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ORM was asked to give a presentation at the GRDC Bendigo Grains Research Update in February, on the topic “Are rising input costs the biggest threat to farm profitability?” To respond with some confidence, we analysed the effect of input prices on a set of 20 Victorian cropping businesses in the low to medium rainfall zones (the ‘sample set’) over a period of ten continuous years to see the impact input costs have had.

The findings were:

Input spend

Input spend per farm business had risen significantly. See below average chemical and fertiliser spend from 2013 to 2022.

Although spend on inputs has been rising quickly, input prices are correlated with both crop yields and commodity prices, linking input spend to gross income. Below is chart of Australian Fertiliser and Wheat prices, highlighting the trend.

Urea & DAP price source: Indexmundi (Black Sea), bulk, spot, f.o.b. Black Sea in AUD/mt. Wheat price source: Weekly Times

Looking at the sample as a guide to potential spend on inputs, we see that even with the extreme input price volatility, historically the spend on inputs stays within a range of between 26% and 35% of gross crop income.

And once we apply a 3 year rolling average to input prices and returns, as a percentage of gross income, input spend ranged between 28% and 34% of gross income and was unchanged over the 10 year period.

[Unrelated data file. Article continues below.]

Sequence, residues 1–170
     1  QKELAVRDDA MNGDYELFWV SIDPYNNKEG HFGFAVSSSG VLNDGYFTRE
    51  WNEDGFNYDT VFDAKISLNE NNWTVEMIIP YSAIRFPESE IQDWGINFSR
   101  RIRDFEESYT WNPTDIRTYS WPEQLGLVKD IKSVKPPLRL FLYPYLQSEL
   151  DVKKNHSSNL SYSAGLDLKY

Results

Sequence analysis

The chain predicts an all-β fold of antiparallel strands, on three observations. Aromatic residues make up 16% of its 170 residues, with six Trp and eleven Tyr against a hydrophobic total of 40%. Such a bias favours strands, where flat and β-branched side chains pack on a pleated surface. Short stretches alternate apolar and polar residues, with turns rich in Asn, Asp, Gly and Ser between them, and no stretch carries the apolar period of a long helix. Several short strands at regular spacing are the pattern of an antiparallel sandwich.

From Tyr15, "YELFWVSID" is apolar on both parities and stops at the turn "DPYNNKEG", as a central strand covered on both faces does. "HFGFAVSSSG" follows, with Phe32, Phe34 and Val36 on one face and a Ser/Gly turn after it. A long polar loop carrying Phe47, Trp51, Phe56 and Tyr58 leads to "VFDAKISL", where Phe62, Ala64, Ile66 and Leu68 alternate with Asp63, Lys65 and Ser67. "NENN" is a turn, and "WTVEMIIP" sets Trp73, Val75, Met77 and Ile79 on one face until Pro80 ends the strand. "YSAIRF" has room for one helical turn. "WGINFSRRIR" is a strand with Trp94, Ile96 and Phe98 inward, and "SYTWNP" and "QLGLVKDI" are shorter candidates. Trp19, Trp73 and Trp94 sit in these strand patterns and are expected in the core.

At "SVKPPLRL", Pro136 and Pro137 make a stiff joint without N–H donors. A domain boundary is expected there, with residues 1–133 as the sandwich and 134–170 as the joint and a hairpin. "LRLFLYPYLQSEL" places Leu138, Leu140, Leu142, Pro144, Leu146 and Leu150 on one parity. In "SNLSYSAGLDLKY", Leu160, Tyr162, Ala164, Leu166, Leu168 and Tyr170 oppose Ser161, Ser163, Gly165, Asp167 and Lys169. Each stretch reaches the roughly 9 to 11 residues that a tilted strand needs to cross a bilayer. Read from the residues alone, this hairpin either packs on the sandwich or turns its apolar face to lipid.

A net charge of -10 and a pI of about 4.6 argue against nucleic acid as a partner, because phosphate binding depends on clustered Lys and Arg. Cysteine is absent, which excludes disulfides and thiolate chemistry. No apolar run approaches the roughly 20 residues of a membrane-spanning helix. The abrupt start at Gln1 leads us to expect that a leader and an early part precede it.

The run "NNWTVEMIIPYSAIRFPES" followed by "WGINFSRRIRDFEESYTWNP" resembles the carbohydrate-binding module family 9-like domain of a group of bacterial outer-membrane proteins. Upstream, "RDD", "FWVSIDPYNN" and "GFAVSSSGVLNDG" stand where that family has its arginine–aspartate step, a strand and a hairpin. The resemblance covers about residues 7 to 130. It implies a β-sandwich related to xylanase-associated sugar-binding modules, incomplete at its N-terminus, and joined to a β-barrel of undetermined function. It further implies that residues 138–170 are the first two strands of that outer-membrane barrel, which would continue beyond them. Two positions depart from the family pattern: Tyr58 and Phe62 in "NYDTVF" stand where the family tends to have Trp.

*Assumed machinery capital is based on 12% of total machinery asset value

Fixed costs

– With the help of “Instant Asset Write Off” and low interest rates, we have recently embedded more fixed costs in farm businesses, which pose more of a threat in a poor season than variable costs. It is likely input costs will vary less as a percentage of gross income than more embedded costs of machinery capital expense and interest expense.

– If the sample set were to return to a FY13-FY23 average gross income, machinery capital expense would more than double to 23.4% of gross income – well beyond the 9% range of fluctuations seen in input prices.

Interest expense would also increase 6.5% to 12.4% of gross income, noting that the sample is not particularly exposed to interest rates, with an average equity level of 88% of total assets. The estimate also doesn’t factor interest rates that hit their highs in FY24, and likely underestimates the expense as a percentage of gross income.

If the sample set were to return to an FY13–FY23 average gross :

*Assumed machinery capital is based on 12% of total machinery asset value

Countering threats with healthy balance sheets

Recent profitable years and strong equity growth have added significant financial buffer to most farming businesses. In the sample set, total debt had grown, but average debt to asset ratios had halved along with big increases in inventory carried and off-farm assets.


Looking at the recent cost trends from the small sample, machinery capital expense and interest expense would seem the greater threat to farm profitability, but it will be different for each business depending on whether that business has expanded recently, taken on debt, upgraded machinery etc. Given the most recent financial positions of the sample set, most businesses appear well positioned to weather short-term hits to profitability.

The best way to counter threats begins with good planning. If you would like help with business planning, please contact ORM here

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